Do you have any sago palm trees at your home? Or does your usual dog walk take you near any sago palms?
If so, please be sure to read this story sent to us by Tampa’s Keene Veterinary Hospital. Paula Tatgenhorst, who had been living in Tampa for only nine months after relocating from St. Louis, Missouri for a new job opportunity. Her three rescue dogs, Bella, Boomer and Cindy had made the trip to the Sunshine State with the rest of her family.
On a warm day in March, Paula decided to do some spring gardening, which involved her replanting two seeds from a plant in her front yard into a pot on her pool patio. Hours later, she found Bella playing with one of the walnut-size seeds. Paula, not being a Florida native, did not realize the seed posed a tremendous amount of danger. She did what any pet parent would do: took the seed away, not knowing Bella had swallowed the second one.
Within hours, Bella began vomiting severely. Paula rushed her to Keene Veterinary Hospital in Tampa, where Terrence S. Keene, DVM began treatment. A neighbor provided a photo of the plant, and Dr. Keene quickly identified the culprit as the Sago Palm.
“The entire plant, including seeds, root ball, and leaves are extremely toxic,” said Dr. Keene. “In fact, roughly 75 percent of animals who ingest this plant suffer liver failure and do not make it, even when treated with aggressive veterinary care. What makes the situation even worse is that the seeds are very tasty to dogs.”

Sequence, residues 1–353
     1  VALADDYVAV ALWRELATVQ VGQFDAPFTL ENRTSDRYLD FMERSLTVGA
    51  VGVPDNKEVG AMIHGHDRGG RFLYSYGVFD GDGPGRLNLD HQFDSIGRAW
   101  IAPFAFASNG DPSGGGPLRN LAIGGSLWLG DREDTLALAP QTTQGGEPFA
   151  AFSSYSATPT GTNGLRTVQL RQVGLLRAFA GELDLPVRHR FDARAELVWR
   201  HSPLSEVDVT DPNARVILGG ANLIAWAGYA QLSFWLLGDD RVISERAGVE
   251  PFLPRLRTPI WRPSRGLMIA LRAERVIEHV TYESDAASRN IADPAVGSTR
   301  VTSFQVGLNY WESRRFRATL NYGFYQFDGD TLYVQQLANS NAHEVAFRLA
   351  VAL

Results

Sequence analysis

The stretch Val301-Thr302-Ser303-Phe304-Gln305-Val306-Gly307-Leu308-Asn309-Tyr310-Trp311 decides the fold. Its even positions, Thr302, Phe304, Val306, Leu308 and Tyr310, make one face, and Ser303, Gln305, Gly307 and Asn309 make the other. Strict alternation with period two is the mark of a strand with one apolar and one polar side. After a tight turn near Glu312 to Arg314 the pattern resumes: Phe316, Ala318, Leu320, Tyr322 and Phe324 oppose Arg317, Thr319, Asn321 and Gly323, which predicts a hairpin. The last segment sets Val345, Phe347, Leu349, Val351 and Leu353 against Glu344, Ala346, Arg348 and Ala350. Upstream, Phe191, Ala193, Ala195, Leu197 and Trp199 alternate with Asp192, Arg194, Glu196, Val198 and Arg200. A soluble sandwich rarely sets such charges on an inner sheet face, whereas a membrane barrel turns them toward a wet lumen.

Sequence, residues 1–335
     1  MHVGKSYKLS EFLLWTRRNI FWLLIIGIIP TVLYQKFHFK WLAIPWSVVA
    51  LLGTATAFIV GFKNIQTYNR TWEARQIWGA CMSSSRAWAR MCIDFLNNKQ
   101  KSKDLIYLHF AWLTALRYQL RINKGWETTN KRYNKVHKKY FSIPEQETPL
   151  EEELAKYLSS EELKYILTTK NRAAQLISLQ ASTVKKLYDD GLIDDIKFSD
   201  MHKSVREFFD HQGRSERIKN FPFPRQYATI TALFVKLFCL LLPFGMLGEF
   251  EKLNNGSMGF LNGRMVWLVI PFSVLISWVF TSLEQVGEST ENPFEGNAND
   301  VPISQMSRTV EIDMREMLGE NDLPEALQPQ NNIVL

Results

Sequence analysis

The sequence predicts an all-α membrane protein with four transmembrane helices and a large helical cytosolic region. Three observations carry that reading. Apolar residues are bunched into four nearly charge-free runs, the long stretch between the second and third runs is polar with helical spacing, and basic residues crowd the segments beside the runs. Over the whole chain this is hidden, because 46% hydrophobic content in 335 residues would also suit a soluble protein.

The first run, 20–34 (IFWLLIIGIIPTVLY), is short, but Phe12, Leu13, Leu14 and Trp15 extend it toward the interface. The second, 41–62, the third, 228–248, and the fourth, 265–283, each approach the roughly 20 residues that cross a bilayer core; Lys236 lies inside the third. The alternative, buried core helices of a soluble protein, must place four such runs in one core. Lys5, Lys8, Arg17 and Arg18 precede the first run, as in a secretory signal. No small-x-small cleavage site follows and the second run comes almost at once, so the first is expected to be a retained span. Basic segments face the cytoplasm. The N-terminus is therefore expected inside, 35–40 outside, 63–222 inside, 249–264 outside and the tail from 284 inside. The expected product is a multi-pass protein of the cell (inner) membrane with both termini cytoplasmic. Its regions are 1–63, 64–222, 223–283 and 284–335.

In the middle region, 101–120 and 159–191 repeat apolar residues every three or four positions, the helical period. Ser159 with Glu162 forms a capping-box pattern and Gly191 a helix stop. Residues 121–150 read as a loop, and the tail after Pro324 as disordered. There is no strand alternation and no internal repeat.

Bella was put on IV fluids, administered potent medication and received 24-hour care. She survived throughout the night and was able to return to her home the following day. But sadly, Bella’s prognosis is still not good.
Because the poison is slow-moving, she may be still fighting to survive for weeks, months and years to come. She will undergo routine blood work for months to gauge the level of damage to her liver, which has likely shortened her life.
Despite the fact that the Sago Palm (also known as the Cyad) is poisonous to both pets and children, it is used widely in Florida for outdoor landscaping
“It is terrifying that this toxic plant was growing right outside our door,” said Tatgenhorst. “It is time we see efforts to improve awareness and increase warnings on the seed and plant labels. It is also imperative that homeowners identify all of the plants in their yards and dispose of the threats properly before it is too late.”
According to the ASPCA, ingestion of the sago palm causes vomiting, melena, icterus, increased thirst, hemorrhagic gastroenteritis, bruising, coagulopathy, liver damage, liver failure and death in pets.
If you suspect your pet has ingested any part of this plant, please contact your veterinarian immediately. Time is a key factor in saving your pet’s life.
For additional information, visit aspca.org or call the ASPCA Animal Poison Control Center at 888-426-4435.
Photo of one of several types of sago palms, the Cycas revoluta or King Sago cycad, taken by DanielCD; courtesy Wikipedia